Trout from Small Streams (Second Edition) by Dave Hughes
Like many fly anglers, my first experiences were on small streams. I plied Trout Creek, Rock Creek and other small waters in south-central Washington.
On these tiny streams--seldom fifteen feet across--I learned about casting, reading water, presentation, drag-free drifts, dry flies, wet flies, and other fly fishing essentials. An added benefit: I never saw another angler, so I could develop my skills without embarrassment.
I was reminded of those small stream joys last month when I fished a tributary of the North Fork of the Middle Fork of the Willamette, up in the Cascade Range. My companions were Dave Hughes, his wife Masako, and Michael T. Williams, a guide and fly tyer from Eugene, Oregon. We traveled light, waded wet, and sometimes fished with Japanese-style Tenkara rods. The trout ranged from small native cutthroat to ten-inch stocker rainbows.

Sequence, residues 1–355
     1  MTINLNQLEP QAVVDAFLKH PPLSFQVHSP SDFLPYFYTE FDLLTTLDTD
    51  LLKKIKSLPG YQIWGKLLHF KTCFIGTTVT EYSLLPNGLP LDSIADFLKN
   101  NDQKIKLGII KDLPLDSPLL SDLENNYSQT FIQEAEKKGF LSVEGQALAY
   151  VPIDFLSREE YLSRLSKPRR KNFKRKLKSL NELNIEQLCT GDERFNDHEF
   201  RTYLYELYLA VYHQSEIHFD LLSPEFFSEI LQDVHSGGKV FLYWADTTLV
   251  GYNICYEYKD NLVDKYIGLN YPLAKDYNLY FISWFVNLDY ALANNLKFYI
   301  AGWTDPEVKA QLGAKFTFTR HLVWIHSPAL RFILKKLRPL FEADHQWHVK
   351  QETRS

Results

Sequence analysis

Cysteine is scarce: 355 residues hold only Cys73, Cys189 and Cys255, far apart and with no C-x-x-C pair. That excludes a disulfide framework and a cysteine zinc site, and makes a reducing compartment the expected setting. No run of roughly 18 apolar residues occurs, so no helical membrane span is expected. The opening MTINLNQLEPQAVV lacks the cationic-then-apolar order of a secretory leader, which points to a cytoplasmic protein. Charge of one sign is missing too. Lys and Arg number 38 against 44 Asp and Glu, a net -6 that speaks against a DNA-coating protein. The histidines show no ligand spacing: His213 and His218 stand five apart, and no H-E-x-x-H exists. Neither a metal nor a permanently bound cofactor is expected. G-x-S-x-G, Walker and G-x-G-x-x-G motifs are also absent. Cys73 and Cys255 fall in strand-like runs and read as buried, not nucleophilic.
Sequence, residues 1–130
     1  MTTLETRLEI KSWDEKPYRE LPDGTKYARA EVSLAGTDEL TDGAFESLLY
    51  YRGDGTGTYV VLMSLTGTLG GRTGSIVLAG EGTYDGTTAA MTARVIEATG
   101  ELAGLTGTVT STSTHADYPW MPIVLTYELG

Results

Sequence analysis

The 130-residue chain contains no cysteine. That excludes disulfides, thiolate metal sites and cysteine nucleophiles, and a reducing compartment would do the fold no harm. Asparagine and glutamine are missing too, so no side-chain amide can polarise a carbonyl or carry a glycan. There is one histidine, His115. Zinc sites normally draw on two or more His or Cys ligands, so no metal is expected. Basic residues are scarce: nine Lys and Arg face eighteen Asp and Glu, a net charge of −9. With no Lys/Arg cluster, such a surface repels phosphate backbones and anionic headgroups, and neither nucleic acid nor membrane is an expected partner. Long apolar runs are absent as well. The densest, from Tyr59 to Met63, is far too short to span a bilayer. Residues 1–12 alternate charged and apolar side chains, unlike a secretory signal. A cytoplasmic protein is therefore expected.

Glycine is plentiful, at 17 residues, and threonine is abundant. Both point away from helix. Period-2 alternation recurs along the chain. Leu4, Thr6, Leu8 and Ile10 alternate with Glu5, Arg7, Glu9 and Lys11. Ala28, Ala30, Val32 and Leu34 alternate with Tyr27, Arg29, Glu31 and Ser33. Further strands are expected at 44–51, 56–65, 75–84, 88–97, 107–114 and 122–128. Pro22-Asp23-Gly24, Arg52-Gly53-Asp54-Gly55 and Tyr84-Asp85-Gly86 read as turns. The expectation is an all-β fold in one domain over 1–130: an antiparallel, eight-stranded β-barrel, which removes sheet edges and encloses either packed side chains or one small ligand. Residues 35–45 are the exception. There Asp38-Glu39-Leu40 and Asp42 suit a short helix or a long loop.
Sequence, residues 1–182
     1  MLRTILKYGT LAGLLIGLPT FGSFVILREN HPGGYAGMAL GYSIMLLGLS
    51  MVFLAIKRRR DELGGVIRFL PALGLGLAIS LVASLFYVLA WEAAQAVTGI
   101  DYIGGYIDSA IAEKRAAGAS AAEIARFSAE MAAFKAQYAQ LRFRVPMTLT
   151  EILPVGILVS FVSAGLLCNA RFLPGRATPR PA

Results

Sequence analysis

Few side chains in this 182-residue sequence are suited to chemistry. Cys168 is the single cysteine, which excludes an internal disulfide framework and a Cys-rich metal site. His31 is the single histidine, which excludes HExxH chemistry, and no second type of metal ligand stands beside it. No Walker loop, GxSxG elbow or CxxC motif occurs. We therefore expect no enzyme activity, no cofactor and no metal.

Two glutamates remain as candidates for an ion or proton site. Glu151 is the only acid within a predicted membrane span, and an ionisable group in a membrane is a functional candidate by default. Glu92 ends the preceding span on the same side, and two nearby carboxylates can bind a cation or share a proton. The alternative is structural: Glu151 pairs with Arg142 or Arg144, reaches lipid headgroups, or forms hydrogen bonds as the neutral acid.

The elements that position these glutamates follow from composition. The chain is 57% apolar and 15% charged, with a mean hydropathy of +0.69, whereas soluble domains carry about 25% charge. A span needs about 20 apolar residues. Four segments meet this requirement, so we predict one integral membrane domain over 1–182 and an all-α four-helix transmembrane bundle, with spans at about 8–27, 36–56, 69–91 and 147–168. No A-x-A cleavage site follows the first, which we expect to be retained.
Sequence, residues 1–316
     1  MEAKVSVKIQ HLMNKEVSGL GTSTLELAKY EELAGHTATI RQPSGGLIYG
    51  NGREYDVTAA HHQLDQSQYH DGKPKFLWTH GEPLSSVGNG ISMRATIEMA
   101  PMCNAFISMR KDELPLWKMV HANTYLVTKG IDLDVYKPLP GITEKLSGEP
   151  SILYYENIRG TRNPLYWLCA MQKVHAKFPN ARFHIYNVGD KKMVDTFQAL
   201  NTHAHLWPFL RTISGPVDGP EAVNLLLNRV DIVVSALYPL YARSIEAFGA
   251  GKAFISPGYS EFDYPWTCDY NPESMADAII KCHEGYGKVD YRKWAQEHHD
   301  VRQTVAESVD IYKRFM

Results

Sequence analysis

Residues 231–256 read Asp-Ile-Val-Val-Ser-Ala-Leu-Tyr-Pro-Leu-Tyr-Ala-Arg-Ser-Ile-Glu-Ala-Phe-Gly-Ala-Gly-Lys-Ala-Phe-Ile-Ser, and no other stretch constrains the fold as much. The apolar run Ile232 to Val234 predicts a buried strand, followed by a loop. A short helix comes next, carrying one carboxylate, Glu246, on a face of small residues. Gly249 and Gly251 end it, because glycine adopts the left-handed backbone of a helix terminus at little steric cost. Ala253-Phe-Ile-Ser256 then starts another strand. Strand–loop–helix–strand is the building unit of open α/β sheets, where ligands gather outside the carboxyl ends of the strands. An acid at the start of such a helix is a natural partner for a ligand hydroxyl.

So it was most appropriate that I read Dave Hughes' book, Trout from Small Streams (Second Edition), when I got home.
When you read a book on this subject, the first question you might ask yourself is, "What is a small stream?" The second question is, "Why would I want to fish one?"
The answer to both questions is the same: Intimacy. On a small stream you have that special sense of being close to the natural world and away from the aggressive, ego-driven crowds you sometimes find on big, famous rivers. On a small stream you see it all--the trees, the rocks, the water--in one glance. And you rarely have to share it with anyone else.
In short, small streams are where you go to remember why you took up fly fishing in the first place.
Dave Hughes will be our presenter at the February 2017 General Meeting of TVTU, jointly hosted by the Stonefly Maidens.